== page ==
2019 Federal Funding Agreement Reached; Language Included to Release Additional H-2B Visas at the Discretion of the Administration

The National Association of Landscape Professionals is urging an immediate release of up to 135,320 visas.

National Association of Landscape Professionals (NALP)
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Early in the morning on February 14, Senate and House leadership released the final legislative text of the fiscal year 2019 spending package. The final text includes a provision that provides the Department of Homeland Security (DHS) the discretionary authority to release an additional 69,320 H-2B visas “upon the determination that the needs of American businesses cannot be satisfied.” The 69,320 plus 66,000 would set a potential 135,320 cap for fiscal year 2019, which if this occurs, would be a significant win for the landscape industry.

Unfortunately, this discretionary language was included in the same spending measure last year, and DHS Secretary Nielsen only released an additional 15,000 visas and waited until May 25, which was too far into the season to maximize their impact. The National Association of Landscape Professionals (NALP) sent a letter to the heads of the Department of Labor (DOL) and DHS after President Trump signed the funding legislation. In addition, the NALP plans to schedule meetings with officials from each the DHS and DOL, and is currently leveraging its champions on Capitol Hill to weigh in with the departments, along with the White House, urging for an immediate release of up to 135,320 visas.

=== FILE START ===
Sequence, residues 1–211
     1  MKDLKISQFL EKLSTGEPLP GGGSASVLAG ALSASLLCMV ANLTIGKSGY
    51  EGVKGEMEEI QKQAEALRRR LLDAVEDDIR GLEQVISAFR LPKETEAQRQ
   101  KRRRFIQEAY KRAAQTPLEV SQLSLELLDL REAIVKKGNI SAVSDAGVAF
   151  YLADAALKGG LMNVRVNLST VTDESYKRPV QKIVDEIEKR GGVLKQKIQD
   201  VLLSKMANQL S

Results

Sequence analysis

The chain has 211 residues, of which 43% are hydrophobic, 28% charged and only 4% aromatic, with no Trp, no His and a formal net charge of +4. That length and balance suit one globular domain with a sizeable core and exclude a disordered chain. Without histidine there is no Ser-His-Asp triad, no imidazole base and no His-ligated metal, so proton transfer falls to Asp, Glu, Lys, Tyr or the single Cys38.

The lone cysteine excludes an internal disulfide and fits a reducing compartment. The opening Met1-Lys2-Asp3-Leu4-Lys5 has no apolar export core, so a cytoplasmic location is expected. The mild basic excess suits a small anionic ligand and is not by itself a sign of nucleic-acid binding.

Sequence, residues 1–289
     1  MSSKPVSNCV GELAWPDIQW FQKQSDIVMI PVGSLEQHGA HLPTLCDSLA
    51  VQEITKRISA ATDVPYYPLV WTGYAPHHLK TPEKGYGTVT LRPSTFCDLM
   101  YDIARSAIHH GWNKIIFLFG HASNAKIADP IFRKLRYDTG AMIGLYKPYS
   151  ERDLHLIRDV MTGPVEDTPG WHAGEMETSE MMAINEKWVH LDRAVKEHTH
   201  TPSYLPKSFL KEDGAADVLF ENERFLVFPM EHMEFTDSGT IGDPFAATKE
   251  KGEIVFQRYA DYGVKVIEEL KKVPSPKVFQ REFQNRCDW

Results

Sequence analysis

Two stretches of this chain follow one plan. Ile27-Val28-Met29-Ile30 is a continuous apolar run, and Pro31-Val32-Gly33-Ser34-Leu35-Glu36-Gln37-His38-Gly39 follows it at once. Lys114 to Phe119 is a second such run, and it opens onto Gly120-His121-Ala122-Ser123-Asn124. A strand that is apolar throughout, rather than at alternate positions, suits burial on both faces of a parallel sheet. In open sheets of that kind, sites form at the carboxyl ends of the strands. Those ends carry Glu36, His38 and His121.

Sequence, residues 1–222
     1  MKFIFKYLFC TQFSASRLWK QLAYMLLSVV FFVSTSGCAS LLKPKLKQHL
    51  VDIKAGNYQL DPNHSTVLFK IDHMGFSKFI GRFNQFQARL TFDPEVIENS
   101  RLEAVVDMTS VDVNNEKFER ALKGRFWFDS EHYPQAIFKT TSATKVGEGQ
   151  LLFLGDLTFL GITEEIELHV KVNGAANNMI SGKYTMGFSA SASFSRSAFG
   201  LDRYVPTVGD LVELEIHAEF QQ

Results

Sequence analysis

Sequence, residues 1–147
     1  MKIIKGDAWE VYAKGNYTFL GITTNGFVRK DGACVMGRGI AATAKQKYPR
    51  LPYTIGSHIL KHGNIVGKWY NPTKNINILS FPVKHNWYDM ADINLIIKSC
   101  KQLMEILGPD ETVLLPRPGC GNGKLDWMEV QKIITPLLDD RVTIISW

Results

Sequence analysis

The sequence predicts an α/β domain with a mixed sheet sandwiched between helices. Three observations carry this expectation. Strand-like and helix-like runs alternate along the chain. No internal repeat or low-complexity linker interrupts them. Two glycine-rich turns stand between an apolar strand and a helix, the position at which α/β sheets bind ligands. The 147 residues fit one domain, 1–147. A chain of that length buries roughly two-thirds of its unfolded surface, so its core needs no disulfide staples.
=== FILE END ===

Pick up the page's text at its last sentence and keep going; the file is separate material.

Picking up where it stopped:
Leadership recently announced that a “deal in principle” had been reached on the most controversial issues, primarily border wall funding. Between February 18 and the release of the bill, text leadership and appropriators huddled in negotiations as the NALP and its H-2B coalition allies continued to push every available avenue to include a returning worker exemption, or change the DHS language from a discretionary may to mandatory shall. During the negotiations, there were times the NALP had been told that even the discretionary language had been excluded due to a desire to avoid all “immigration riders.”

Due to the political climate, many important and bipartisan issues were completely excluded from the bill in order to keep the government open. Maintaining the discretionary language gives the green industry the opportunity to continue to make the case with the administration on why it should immediately release additional visas.